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PostPosted: Sat Jan 20, 2018 10:57 pm 
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Just finished up an interesting build- active infrared beam break unit that fires camera wirelessly and can be set to take photos or video. The units essentially create an IR trip wire. It is certainly not new technology, but from a build standpoint it is new to me.

The housings are inexpensive 1" electrical junction boxes which I have quickly grown to like and will be using on some basic PIR units too. The guts contain a set of 5V active IR emitter/receivers. The IR emitter is power hungry. I placed a 40 ohm resistor on emitter side to slow down the bleeding and save some battery life... we'll see how well that works. My meter showed it cut the mA by 2/3, but the field test has yet to be performed. Range is still greater than 15 ft.

When the beam is broken, the receiver unit sends an active low pulse to an Arduino Pro Mini and the Mini responds according to the sketch written to it. The Mini is nice little microcontroller unit because there are plenty of pins and it only draws 5mA. There are low power sketches that can be added but I haven't gotten there yet. 4 AA's power each of the units.

The Arduino is outfitted with header pins so additional sketches can be added when needed via USB cable to FTDI connector. A small panel of dip switches controls the sketch behavior by changing high/low status of various pins. The signal from the Arduino outputs to a radio transmitter (pulled from Oppilas) and the Oppilas transmitter fires to an Oppilas receiver plugged into the camera. I have used the Oppilas on many builds and like them a lot.

Currently I have 4 basic options on the Arduino sketch- 2 photos or 3 photos or 10 second video or 20 second video. The video feature works on Nikons (and Canons I think... I don't run any) like the D3300 or D7200 where the camera shutter button can start/stop video. There is an interesting bit of code included in the Arduino sketch that prevents the receiver from continuing to fire if the units are pushed or interrupted permanently (livestock, wild hogs, coons, tree limbs, etc...) or if the emitter battery dies and the receive "thinks" the beam is broken.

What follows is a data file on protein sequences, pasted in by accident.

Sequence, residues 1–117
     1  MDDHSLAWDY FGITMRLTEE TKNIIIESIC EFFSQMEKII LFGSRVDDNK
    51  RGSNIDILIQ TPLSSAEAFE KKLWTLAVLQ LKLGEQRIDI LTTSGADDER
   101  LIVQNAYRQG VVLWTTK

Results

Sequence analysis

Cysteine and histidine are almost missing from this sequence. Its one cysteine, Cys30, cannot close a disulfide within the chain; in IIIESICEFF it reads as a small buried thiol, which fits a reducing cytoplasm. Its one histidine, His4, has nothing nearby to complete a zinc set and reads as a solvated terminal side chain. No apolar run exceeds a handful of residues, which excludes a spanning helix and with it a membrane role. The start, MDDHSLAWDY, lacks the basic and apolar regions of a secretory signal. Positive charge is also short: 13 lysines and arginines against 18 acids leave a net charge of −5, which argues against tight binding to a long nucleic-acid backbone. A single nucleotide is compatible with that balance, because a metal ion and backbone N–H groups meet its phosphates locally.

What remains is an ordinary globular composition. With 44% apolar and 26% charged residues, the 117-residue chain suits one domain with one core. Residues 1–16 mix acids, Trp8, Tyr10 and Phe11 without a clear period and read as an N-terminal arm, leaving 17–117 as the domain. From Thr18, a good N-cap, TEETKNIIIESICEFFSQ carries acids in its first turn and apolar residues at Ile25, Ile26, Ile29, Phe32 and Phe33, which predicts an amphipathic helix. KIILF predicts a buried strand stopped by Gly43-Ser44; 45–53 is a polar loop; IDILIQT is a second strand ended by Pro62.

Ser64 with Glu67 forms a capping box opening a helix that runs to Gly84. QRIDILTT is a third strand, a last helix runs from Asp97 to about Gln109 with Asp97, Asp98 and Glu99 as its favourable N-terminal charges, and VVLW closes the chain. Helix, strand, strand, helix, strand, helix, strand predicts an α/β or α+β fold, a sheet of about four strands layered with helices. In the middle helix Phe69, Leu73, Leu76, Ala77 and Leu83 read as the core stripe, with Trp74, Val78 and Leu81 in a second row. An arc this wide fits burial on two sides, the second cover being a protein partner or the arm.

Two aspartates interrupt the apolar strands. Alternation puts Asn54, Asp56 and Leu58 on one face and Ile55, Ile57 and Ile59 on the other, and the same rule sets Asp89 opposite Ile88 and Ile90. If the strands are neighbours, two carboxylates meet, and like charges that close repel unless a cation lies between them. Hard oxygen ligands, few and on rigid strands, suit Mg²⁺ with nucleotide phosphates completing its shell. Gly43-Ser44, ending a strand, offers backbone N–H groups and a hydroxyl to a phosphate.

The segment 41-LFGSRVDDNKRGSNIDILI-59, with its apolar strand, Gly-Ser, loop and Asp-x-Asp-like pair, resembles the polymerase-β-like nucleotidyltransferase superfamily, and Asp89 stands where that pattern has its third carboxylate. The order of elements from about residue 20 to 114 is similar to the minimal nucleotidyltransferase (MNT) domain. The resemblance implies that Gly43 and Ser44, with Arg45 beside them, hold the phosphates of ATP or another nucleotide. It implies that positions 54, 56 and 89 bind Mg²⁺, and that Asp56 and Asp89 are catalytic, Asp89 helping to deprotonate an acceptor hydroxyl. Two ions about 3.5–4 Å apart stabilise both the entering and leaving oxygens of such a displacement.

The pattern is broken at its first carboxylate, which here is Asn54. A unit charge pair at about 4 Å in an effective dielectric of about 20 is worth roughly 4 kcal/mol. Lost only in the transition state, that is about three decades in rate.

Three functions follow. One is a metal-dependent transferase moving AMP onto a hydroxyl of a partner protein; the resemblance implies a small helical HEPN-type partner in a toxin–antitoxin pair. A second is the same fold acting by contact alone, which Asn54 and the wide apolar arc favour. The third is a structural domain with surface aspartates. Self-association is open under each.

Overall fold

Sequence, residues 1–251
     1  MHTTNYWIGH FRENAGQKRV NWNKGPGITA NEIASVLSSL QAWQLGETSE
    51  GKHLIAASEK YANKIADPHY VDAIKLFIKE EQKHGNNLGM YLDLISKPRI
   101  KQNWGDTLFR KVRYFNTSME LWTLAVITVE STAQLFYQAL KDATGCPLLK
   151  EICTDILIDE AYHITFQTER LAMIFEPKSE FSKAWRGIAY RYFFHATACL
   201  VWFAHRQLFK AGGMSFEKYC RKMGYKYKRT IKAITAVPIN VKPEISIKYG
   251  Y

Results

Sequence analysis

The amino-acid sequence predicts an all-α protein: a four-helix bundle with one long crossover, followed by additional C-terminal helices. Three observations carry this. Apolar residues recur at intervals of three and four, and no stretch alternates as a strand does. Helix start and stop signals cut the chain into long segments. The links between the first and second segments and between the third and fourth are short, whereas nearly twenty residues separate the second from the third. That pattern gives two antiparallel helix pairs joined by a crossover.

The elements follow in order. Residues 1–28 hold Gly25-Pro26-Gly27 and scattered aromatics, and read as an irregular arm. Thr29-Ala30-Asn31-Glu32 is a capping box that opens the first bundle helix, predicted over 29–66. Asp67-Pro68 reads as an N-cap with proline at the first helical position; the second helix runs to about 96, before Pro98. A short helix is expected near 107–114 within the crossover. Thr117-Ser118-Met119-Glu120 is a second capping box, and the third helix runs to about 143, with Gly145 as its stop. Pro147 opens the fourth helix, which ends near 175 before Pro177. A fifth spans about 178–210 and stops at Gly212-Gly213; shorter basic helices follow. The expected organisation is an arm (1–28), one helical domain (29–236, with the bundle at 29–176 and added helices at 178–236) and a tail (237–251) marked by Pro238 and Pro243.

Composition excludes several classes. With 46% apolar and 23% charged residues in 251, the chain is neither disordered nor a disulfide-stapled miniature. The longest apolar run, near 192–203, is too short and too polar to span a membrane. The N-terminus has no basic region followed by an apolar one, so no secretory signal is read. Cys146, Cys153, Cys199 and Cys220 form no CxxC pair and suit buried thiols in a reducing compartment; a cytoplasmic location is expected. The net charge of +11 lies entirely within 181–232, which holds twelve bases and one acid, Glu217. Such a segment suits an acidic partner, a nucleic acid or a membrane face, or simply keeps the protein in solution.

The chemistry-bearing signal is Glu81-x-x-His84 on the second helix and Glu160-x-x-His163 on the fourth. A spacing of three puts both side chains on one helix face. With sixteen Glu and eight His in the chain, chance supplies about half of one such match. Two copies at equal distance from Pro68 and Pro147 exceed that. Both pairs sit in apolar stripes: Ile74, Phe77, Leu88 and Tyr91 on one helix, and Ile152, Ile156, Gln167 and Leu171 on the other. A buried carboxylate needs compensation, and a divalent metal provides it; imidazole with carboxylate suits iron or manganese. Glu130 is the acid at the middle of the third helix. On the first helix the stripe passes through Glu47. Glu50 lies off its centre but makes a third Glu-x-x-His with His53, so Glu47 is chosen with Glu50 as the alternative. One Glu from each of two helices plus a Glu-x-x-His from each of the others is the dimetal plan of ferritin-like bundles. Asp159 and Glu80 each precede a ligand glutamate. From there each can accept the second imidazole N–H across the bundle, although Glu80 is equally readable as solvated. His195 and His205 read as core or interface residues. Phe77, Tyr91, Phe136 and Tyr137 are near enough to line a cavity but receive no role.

Next step is a little camo and 1" Ram balls on the bottom of the units.

This build stretched my brain. From programming the Arduino, to configuring the units, to the wireless hack... it was a tough one. But it is one I have wanted to do for a long time and I am hoping it solves some challenges inherent to PIR's.

I'm pretty stoked to get this thing out in the field.

Attachment:
Beam break 1.jpg


Attachment:
Beam break 2.jpg


Attachment:
Arduino Pro Mini Wireless AIR Receiever Circuit.png


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PostPosted: Sat Jan 20, 2018 11:40 pm 
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Very exciting. I am eager to see hear of your results. Good luck.


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PostPosted: Sun Jan 21, 2018 8:48 am 
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ArthurV wrote:
Very exciting. I am eager to see hear of your results. Good luck.


X 2 ....


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PostPosted: Sun Jan 21, 2018 11:48 am 
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Nice work! Excited to hear how it works out.

Do you think it would work to add a PIR and only turn on the IR emitter after the PIR detects motion, maybe for a 1 min. period? I was thinking this could be a solution to the power consumption of active IR and the issue that some of them have with rain/snow/bugs causing false triggers. If I could make my Eltima Jokie units sip power and not false in rain they would be the perfect trigger.